Skip to main content

Diane Lane Delivers in Sleepy Charmer "Paris Can Wait": Review

Film Review: Paris Can Wait

Image result for paris can wait
"Are you at peace with your life?"

That's one of several questions Diane Lane mulls in the new movie Paris Can Wait. Written and directed by Eleanor Coppola, the film marks Coppola's fiction film debut, as she joins the family business (her husband, daughter, son, and granddaughter are all filmmakers) at the age of 81. In Paris Can Wait, Lane plays Anne, the wife of a film producer (played by Alec Baldwin) whose drive from Cannes to Paris with Jacques (Arnaud Viard), a business partner of her husband's, turns into a two day road trip of the finest dining, views, and sights that central France has to offer. 

The film is light and breezy, in a very appealing way. It moves along at a sleepy pace, providing a veritable feast of gorgeous locales and delicious food. Anne has recently closed her dress shop and isn't finding fulfillment in her marriage. She's itching for a creative outlet, as evidenced by the pictures she takes with her digital camera. As she grows closer to Jacques, she begins to examine her life, her marriage, her choices. It's a movie about the quiet disappointments of a marriage, a woman's longing for fulfillment outside of her family, about rediscovering life's simple pleasures. Adult topics for a movie about adults. 

None of this would work without a compelling central performance, and, thankfully, Lane is up to the task. I was nervous before seeing the film, having seen her give a lifeless, truly awful performance in The Cherry Orchard on Broadway last fall. With Paris Can Wait, Lane officially put any concerns I had about her acting ability to rest (well, screen acting at least), delivering an unadorned, understated performance. No affectations like a silly accent or heavy makeup or anything like that, just a character that feels real and an actor that portrays her with ease. It recalls the charm Lane exuded in her film debut, 1979's jubilant A Little Romance, which was also partially set in France. 

Stylistically and structurally, Paris Can Wait is simple and straightforward. Those looking for something more along the lines of the similarly-themed Two for the Road will probably be disappointed. I found it delightful, but certainly fleeting. More of an appetizer than a filling meal. Although, it is full of amusing touches. I died laughing when Anne plugs in her phone to play a song by a French band her daughter introduced her to and the song is by Phoenix (the lead singer of which is, of course, Thomas Mars, Coppola's son-in-law). While it definitely won't be enough to keep everyone interested, it was enough for me.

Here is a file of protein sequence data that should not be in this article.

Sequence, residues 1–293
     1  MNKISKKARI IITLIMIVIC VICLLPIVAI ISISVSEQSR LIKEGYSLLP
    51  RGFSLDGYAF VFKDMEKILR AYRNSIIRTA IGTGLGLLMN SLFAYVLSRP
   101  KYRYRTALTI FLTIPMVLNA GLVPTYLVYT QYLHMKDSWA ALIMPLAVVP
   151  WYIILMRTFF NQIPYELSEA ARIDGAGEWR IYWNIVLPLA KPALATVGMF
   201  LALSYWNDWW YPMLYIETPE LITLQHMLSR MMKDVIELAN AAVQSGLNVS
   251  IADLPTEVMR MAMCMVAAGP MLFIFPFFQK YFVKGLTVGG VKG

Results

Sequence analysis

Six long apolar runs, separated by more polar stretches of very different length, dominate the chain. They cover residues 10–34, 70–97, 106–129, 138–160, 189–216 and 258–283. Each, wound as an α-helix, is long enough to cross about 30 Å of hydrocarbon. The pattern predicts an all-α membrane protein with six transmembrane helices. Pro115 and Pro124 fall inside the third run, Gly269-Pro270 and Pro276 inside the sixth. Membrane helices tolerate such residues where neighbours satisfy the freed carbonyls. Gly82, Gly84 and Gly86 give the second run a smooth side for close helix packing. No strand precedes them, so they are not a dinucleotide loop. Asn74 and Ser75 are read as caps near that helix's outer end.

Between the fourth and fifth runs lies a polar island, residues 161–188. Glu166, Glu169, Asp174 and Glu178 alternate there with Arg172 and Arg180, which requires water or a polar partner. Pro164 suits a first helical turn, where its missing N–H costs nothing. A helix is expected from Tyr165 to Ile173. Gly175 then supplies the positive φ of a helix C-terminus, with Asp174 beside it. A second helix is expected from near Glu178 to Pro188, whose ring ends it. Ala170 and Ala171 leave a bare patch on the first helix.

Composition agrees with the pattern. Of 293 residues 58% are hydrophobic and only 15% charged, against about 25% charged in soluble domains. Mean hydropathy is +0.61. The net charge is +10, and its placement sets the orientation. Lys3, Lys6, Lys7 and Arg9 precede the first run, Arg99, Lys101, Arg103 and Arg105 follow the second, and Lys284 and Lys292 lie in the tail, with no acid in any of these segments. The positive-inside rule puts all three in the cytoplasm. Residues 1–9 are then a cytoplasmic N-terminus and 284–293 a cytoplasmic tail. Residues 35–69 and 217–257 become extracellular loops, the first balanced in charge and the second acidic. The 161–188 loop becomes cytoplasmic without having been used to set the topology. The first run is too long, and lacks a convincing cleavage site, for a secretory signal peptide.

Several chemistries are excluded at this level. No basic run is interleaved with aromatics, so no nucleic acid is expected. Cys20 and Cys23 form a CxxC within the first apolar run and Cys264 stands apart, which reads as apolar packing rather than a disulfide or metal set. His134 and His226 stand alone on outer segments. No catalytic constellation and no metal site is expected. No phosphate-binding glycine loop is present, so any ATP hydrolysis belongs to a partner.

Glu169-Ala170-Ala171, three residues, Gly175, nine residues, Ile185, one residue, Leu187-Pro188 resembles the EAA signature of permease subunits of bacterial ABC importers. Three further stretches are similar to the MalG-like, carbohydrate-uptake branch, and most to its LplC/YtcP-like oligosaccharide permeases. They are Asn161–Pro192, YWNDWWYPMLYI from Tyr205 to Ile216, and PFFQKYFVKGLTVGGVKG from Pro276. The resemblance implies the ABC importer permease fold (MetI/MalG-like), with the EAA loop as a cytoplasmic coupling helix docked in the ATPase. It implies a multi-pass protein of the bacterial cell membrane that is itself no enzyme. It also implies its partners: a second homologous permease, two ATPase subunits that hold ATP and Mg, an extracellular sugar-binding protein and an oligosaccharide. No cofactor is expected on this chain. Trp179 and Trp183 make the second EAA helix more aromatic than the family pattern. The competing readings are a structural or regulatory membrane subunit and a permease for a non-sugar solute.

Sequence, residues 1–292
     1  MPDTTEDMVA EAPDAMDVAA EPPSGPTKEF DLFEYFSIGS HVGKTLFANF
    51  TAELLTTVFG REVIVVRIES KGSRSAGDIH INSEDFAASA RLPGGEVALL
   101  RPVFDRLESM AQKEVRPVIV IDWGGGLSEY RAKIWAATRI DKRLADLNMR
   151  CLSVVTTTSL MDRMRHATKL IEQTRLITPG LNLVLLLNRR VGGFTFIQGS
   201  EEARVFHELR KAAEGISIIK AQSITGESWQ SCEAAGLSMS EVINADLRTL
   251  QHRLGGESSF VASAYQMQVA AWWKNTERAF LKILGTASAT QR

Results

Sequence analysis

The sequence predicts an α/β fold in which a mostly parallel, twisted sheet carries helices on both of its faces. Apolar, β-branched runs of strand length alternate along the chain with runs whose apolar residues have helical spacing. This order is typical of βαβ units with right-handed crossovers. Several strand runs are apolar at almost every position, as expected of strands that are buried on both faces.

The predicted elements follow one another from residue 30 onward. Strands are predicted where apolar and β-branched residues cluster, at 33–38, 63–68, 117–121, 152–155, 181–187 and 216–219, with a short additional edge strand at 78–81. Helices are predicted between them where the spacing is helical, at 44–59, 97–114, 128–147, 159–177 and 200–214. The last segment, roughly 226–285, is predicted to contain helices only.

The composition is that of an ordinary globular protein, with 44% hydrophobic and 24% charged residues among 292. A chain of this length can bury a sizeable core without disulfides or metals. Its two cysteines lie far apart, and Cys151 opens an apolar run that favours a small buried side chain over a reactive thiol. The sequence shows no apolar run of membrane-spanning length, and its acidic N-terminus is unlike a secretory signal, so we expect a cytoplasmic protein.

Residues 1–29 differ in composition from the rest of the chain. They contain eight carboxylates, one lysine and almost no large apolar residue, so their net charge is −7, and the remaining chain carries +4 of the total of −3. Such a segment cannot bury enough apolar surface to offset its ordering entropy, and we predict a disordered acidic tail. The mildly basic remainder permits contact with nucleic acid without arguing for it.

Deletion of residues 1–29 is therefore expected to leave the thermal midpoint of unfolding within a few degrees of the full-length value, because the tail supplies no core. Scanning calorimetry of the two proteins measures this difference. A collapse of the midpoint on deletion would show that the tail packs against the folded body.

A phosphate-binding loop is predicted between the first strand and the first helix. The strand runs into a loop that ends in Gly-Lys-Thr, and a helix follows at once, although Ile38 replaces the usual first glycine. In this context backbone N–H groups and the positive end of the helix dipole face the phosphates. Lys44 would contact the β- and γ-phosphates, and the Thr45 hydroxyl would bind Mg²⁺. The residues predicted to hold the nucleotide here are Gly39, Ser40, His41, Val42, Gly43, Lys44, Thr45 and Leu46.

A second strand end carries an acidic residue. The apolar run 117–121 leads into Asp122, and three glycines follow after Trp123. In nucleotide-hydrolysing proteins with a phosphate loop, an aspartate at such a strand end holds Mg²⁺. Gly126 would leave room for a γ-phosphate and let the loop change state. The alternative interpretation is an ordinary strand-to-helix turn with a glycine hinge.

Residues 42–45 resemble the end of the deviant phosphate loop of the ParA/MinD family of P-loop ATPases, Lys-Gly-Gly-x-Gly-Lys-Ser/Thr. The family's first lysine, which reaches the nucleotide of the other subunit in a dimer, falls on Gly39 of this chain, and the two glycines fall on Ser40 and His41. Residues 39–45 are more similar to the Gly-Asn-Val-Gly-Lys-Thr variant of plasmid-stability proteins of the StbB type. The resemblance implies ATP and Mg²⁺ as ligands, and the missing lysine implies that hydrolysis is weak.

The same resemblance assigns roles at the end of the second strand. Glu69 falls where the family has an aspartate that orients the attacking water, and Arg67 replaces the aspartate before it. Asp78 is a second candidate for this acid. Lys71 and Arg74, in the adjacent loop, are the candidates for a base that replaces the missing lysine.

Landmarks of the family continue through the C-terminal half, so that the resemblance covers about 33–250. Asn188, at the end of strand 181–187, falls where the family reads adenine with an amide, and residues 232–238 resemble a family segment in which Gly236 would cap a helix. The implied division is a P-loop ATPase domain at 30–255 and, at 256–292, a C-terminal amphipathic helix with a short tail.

What did YOU think of Paris Can Wait? Let me know in the comments below! 

Comments

Popular posts from this blog

"My Mind Turns Your Life Into Folklore": Why Taylor Swift's "Gold Rush" Is a Song About Songwriting

"My mind turns your life into folklore." That line, from the song "Gold Rush," is the only time the word "folklore" is spoken on either of Taylor Swift's 2020 records, Folklore and Evermore , the latter of which is where the song appears. The presence of the line indicates that "Gold Rush" is a pivotal song not only in Swift's lockdown duology, but in her maturation as a songwriter.  Swift's early albums often drew heavily from her own experiences, with fans and the media scouring her lyrics for clues as to which ex-boyfriend her numerous breakup songs referred. Her tumultuous dating life made as many headlines as her music, in part because it informed so much of the music. The discourse was often ridiculous and reductive, and thankfully, that period of her career is over (Swift has been in a relationship with the actor Joe Alwyn since 2016).  Both of her 2020 albums have their fair share of autobiographical songs, but they also see

Netflix vs. HBO Max vs. Disney+ vs. Hulu: Streaming Services Ranked

The entertainment industry is at a moment of change. Resources that were once spent on TV networks and theatrical releases are being funneled into streaming services, as media conglomerates race to catch up with game-changing, industry-revolutionizing Netflix. The "streaming wars", the competition between the studios to sure up talent and content deals as they ask audiences to buy their monthly subscriptions, is in full swing.  One day, a book will be written about the streaming wars and it'll include a clear picture of which services crashed and burned and which ones emerged victorious. I look forward to reading that book and looking back on this moment in time with hindsight, but until that day, all I can do is offer my opinion on each service and say which ones I feel are worthy of your money and time. I'm only going to talk about the services that are directly vying to be the new Netflix, not niche ones like Shudder or the Criterion Channel. Also, a proper ranking

Vanessa Redgrave in "Camelot": Review

Classic Film Review: Camelot (1967) The following post is a part of the 2017 TCM Summer Under the Stars blogathon, hosted by  Journeys in Classic Film . In celebration of Vanessa Redgrave day on TCM (which will be showing her movies all day long August 14th), I decided to revisit one of my all time favorite movies, Camelot . The 1967 film is an adaptation of the 1960 musical of the same name by Alan Jay Lerner and Frederick Loewe. The musical, which was based on T.H. White's retelling of the Arthurian legend The Once and Future King , which was a huge box office success and won four Tony Awards. The original cast recording was the best selling record in the country for over a year. A movie version was inevitable.  That movie came seven years later. Directed by Joshua Logan, Camelot starred Richard Harris as King Arthur, Vanessa Redgrave as Guenevere and Franco Nero as Lancelot. When the King of England decides to use might for right and establish a new order of chival